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Seeking and Doing
By Jacob Riley
Among young believers, few concepts seem as often addressed, yet so elusive, as God’s will for our lives. We wonder who He wants us to date (or how to find a partner in the first place!), where to attend college, how to choose a job, when to marry, and what our career should be.
As I near graduation, I relate. We often mistake college for a step that will automatically clarify what we’re going to do when we finish. Yet, for me, there are several “next steps” including high-pressure grad-school, marriage, and even church-related decisions. And all the while there is an alarming lack of writing in the sky.
As followers of Christ, some uncertainty is simply part of life. One reason is that we are obligated to make decisions for Another’s glory. We’re not living for ourselves (Romans 14:7-9), so we want to be clear on what is pleasing to Christ. However, there is no room for panic. God’s Word may not tell us all we want to know about the rest of our lives, but it points us to all we need to know to serve God and make decisions that honor Him.
Do what God has made clear
Scripture never promises a Gideon’s fleece experience (Judges 6:36-40) to confirm God’s will to us. It prescribes a method for knowing God’s will which takes hard work and patience, “Present your bodies as a living sacrifice to God, holy and acceptable…do not be conformed to this world, but be transformed by the renewal of your mind, that by testing you may discern what is the will of God, what is good and acceptable and perfect” (Romans 12:1-2).
It may seem strange, but before looking for God to show us the way, we may need to look in the mirror to make certain we are doing what He has already revealed for us to do: presenting ourselves as a holy and living sacrifice; being transformed by the renewing of our minds through His Word. God may choose not to entrust us with what we’re supposed to do next until we’re following His Word regarding what we’re supposed to do now. As we seek to know and do God’s will, it is of foremost importance that we ascertain whether or not we are living in light of what has already been revealed, whether or not we are actively surrendering to Him and renewing our minds through His Word.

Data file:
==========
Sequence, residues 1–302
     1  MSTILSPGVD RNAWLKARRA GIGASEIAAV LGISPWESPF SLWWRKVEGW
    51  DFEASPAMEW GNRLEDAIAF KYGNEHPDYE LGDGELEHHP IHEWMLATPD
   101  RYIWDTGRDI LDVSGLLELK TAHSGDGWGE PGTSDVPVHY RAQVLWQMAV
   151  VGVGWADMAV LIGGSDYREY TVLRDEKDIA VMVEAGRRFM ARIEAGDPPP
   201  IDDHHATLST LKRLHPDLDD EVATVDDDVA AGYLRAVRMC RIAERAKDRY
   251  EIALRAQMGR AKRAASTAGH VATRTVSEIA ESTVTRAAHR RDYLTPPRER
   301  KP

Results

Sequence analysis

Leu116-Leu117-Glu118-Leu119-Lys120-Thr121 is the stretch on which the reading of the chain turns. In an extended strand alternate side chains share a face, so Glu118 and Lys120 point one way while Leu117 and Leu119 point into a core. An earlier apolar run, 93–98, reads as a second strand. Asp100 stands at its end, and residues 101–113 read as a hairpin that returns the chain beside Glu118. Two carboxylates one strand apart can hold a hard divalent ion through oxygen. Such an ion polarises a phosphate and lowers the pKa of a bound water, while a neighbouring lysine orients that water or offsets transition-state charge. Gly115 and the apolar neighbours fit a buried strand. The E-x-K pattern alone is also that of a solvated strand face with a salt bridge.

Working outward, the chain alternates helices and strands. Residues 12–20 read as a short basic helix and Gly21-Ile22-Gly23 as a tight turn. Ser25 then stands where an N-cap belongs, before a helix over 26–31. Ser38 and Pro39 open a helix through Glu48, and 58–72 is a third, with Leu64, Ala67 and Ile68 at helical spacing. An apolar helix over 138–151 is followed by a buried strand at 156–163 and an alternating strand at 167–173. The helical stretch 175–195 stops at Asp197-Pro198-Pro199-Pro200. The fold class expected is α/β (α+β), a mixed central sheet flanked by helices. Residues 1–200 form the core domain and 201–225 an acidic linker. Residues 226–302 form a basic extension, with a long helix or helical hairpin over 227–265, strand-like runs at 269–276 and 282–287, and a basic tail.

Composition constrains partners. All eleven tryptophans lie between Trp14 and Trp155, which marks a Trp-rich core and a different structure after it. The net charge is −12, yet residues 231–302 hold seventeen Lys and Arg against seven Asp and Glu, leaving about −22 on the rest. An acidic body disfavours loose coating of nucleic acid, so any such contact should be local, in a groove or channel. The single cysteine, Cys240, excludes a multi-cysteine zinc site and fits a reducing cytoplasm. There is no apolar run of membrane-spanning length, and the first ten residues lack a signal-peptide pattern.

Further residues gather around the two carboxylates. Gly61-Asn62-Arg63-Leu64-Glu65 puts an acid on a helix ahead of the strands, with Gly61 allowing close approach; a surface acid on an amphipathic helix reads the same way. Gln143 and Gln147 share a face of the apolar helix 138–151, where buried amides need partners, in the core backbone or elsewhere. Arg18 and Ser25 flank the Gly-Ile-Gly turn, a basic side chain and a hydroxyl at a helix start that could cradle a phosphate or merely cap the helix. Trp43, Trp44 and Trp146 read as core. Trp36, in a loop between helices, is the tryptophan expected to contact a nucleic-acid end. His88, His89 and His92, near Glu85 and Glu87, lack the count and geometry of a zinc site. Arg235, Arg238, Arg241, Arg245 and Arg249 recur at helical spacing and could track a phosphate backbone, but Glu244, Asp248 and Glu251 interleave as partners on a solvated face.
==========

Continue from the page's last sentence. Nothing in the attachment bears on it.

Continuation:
Don’t be afraid
If we are striving to follow God by meeting daily with Him and getting to know what He is like through His Word, we should be enabled to live with confidence in Him. This means when doors do open, we may pray and seek before we walk through, but we don’t have to get stuck in “analysis paralysis;” i.e. being afraid that we’ll do the wrong thing or experience hardship.
God has not changed since He led David to fight for His honor against Goliath while others trembled in fear. He has not started calling His people to “a spirit of fear” as opposed to “power and love and self-control” (2 Timothy 1:7).
We may have to set aside some time for seeking God’s will regarding the different opportunities in our lives, but the motive for delay should be His honor, not simply self-preservation.
Experience the joy of faith
We should remember we are called to walk by faith—as opposed to walking by sight—based on the assurance of our eternal dwelling place with Christ (2 Corinthians 5:6-9). If we are truly depending on Christ for our eternal dwelling place and security, surely we have grounds to be confident in Him with the other circumstances in our lives.
Out of all people in the world, the Christian should be freest to make big decisions, take big risks, and do hard things because we have entrusted ourselves to God’s care. The idea of a “leap of faith,” jumping into the darkness not knowing what is there, is really an inadequate way to picture the decisions of a Christian. Our faith is not a blind hope that things will turn out right but a confidence in a Person who will “work all things together for good” (Romans 8:28).
The way in which we approach decisions is an opportunity to demonstrate what kind of God we serve. We can trust God with the outcome, learning “how to be brought low” and “how to abound” through Christ (Philippians 4:12-13). By not fretting, we are casting our anxieties on Him because He cares for us (1 Peter 5:7).
As you try to discern what God’s will is for your life, ask yourself: Am I conformed to the world or am I being transformed? Have I presented myself to God as a living sacrifice? Then walk with God by faith, trusting that when He presents opportunities, He has all the power and goodness to work things out for His glory and our good.